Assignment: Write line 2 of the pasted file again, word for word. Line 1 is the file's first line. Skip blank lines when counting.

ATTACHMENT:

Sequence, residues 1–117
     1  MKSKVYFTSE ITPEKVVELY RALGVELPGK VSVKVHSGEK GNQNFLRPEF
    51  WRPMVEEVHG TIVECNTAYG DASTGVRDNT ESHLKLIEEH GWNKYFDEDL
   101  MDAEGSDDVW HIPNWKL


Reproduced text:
     1  MKSKVYFTSE ITPEKVVELY RALGVELPGK VSVKVHSGEK GNQNFLRPEF